The House of Lords have voted overwhelmingly in favour of an amendment to the Anti-social Behaviour Bill to protect free speech.
Crossbench and Labour Peers, together with Tory and Liberal Democrat rebels, had a resounding victory and the amendment was passed by 306 votes to 178.
Under clause 1 of the Bill government ministers were seeking to replace Anti-social Behaviour Orders (ASBOs) with injunctions that are easier to obtain and require a much lower threshold of behaviour than ASBOs.
The vote took place earlier tonight after a debate during which one Lib Dem opponent said the annoyance orders will place a huge burden on police and local authorities.
Another Crossbench Peer argued nuisance and annoyance are weasel words liable to be interpreted by different people in different ways.
The Reform Clause 1 campaign – backed by The Christian Institute and The National Secular Society – called the proposed orders, known as Injunctions to Prevent Nuisance and Annoyance (IPNAs), a “threat to free speech”.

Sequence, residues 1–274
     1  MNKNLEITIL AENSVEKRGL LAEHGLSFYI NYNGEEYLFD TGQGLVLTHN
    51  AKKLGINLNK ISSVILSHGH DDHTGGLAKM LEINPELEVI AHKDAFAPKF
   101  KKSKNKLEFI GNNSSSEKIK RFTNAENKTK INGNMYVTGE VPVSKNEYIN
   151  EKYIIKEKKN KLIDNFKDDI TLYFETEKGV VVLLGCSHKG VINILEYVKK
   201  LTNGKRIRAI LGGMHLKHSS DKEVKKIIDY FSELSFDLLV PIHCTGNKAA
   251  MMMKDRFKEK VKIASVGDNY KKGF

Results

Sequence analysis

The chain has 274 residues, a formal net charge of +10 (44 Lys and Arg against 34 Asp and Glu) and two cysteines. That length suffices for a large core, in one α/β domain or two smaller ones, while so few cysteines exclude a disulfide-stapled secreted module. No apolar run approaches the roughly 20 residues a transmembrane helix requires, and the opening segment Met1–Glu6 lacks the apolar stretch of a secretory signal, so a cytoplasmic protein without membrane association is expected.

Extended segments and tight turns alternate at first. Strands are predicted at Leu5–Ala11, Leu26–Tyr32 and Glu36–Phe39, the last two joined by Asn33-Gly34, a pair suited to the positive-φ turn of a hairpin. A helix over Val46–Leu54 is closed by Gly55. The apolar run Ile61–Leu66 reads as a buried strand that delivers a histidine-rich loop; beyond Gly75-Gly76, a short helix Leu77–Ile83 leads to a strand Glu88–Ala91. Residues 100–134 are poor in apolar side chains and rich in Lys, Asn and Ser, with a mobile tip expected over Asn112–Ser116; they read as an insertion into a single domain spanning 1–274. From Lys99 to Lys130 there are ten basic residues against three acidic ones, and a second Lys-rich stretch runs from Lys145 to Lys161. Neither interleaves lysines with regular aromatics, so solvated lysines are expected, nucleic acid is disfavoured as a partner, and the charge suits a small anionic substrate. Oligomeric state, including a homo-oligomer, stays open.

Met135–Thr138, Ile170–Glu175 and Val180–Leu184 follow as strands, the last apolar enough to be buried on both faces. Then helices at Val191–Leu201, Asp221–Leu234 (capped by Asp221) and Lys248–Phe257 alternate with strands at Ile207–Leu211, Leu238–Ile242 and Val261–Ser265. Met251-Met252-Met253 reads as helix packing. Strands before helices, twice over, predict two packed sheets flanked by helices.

Former Chief Constable, Lord Dear, tabled an amendment to replace the “nuisance or annoyance” threshold with the test of causing “harassment, alarm or distress”.
Senior lawyers across political parties agreed that IPNAs were a real risk to free speech allowing courts to issue injunctions against those – including street preachers and buskers – who breach political correctness.
The test of causing “harassment, alarm or distress” would protect free speech while still allowing the courts to tackle anti-social behaviour.
The Government is yet to respond to today’s vote but it can either concede defeat and accept Lord Dear’s amendment or overturn it using its majority in the House of Commons.
Peers will further scrutinize the Bill as report stage continues on 14 January.